Director Teruo Ishii, who is probably best known for The Horrors of Malformed Men (1969), shot the bulk of outdoor scenes of Flesh Pier in a guerilla style—no permits and on the fly. Taking place in the Ginza, Shinjuku and Akasaka districts of Tokyo, the film delves into the world of the flesh trade—pretty young models lured into the world of illegal prostitution. One of the biggest crime organizations involved in the flesh trade is run out of a nightclub called Arizona, which on the surface is a legitimate business. Yoshioka (Ken Utsui) is an undercover cop from Kobe, posing as a corrupt businessman looking for a piece of the action. His contact is a young dancer named Rumi (Yoko Mihara) who turns out to be Yoshioka’s lost love. While in the Arizona, Yoshioka spots a young woman he knows—reporter Haruko (Akemi Tsukushi) posing as a model because she smells a big story. A piano player and friend of Rumi’s Teruo (Teruo Hata), who is also in love with the beautiful dancer, spies the exchange of a note between Haruko and Yoshioka and reports back to Rumi. Still in love with Yoshioka, Rumi gives him the benefit of the doubt, but has Haruko confined to her room. Rumi devises a plan for the two to take over the prostitution ring, but the boss (Kenjiro Uemura) is suspicious and Rumi’s plan doesn’t work out as expected.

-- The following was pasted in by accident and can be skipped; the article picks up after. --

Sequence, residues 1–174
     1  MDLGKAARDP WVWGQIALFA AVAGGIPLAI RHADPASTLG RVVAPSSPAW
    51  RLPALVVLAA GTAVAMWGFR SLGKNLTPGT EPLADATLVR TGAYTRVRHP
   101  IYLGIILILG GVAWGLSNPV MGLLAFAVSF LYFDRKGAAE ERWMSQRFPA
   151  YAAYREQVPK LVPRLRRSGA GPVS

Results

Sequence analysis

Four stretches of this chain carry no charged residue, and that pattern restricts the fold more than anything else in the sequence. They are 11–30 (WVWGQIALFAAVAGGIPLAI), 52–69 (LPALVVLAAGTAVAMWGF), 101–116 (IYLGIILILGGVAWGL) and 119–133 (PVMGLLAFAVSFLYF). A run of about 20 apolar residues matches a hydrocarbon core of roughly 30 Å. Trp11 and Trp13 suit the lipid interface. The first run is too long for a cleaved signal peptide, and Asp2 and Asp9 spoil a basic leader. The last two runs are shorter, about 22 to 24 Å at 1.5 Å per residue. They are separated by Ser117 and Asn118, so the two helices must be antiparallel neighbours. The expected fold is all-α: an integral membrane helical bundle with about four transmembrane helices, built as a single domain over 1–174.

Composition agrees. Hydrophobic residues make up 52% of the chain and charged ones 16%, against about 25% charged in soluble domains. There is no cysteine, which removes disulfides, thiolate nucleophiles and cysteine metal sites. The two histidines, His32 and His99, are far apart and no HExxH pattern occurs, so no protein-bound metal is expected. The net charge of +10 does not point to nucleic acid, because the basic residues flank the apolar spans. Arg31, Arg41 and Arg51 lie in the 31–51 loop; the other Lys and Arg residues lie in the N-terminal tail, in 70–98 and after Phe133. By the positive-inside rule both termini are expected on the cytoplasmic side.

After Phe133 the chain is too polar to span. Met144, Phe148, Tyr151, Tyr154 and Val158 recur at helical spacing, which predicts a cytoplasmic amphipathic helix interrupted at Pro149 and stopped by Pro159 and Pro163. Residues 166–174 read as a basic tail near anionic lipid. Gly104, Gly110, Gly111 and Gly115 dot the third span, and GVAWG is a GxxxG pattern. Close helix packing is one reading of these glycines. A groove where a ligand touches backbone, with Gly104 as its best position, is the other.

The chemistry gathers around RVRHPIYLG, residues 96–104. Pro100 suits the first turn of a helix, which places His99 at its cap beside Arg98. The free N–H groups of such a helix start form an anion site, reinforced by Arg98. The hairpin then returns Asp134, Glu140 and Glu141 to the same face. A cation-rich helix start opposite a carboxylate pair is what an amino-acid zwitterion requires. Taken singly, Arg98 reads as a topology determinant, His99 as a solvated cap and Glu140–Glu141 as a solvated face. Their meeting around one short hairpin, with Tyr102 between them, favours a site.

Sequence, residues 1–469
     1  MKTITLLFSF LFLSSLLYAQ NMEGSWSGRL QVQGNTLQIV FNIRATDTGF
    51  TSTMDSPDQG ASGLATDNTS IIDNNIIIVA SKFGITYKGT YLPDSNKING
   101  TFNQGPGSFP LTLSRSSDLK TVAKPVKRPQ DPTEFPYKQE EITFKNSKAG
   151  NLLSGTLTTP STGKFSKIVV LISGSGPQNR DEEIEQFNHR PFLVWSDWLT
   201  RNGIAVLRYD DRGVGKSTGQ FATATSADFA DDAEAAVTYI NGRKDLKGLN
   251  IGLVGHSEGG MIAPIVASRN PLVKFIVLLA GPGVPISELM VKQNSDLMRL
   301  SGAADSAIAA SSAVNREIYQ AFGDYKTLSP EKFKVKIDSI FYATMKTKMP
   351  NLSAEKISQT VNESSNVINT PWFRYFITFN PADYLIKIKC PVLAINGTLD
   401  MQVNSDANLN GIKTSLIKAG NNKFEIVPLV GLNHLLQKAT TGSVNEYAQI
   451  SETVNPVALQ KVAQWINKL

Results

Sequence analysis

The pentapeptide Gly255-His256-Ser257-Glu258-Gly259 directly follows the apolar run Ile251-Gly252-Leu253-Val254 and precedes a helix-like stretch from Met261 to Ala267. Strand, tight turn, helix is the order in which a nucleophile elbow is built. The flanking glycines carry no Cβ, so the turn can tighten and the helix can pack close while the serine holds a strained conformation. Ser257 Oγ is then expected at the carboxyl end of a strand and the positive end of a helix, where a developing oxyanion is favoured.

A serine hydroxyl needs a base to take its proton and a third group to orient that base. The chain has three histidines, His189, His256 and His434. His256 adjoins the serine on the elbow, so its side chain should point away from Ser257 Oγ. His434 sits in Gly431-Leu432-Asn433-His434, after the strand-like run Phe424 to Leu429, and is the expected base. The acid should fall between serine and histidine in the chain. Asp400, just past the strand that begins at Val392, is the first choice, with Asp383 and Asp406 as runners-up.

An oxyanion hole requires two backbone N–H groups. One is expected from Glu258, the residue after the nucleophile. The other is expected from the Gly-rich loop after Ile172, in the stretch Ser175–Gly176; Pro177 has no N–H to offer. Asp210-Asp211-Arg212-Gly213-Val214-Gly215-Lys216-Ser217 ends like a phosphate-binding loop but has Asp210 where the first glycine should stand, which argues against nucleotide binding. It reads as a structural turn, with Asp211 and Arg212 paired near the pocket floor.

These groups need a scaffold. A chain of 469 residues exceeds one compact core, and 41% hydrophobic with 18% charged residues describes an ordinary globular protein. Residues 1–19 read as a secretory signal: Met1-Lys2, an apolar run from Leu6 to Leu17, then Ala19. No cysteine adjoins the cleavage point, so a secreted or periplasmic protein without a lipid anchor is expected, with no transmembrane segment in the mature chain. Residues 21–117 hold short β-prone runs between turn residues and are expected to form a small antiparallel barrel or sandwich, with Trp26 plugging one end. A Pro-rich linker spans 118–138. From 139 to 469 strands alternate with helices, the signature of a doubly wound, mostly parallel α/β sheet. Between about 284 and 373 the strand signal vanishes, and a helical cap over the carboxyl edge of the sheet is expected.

Ishii presents an unflinching look at Tokyo’s sex industry while giving a wink and a nod to acknowledging the “services” provided. It is a great storyline with plenty of lies and betrayal to go around. Probably best described as an erotic noir, Flesh Pier manages to be sexually charged without showing any sex. Ishii uses the promise of sex to suck the viewer in, with barely-clad dancers in beautiful displays of eroticism. Ishii turns you on (that wink and nod) and then gets you invested in the characters and what happens to them. The realization of the girls having effectively been kidnapped hits hard when we see them as prisoners in a ship’s hold, the truth of their situation just beginning to sink in for them. The boss is a classic villain, his own job security (and Rumi) the only thing on his mind. Rumi is really the central character here, being in high demand but wanting a better life for herself with the returning love of her life, who hasn’t been honest with her. It is classic exploitation—women trying to improve their lot in life being subjugated and treated badly at the hands of less-than-honorable men.
I loved Flesh Pier produced by legendary Shintoho Studios and I thoroughly enjoyed seeing it on the big screen at the Japan Society during its New York premiere. It is a rare film that was shown as part of the Globus Film Series Into the Shintoho Mind Warp: Girls, Guns & Ghosts From the Second Age of Japanese Film, which was originally curated by film critic Mark Schilling for the 2010 Udine Far East Film Festival. I strongly encourage you to seek it out.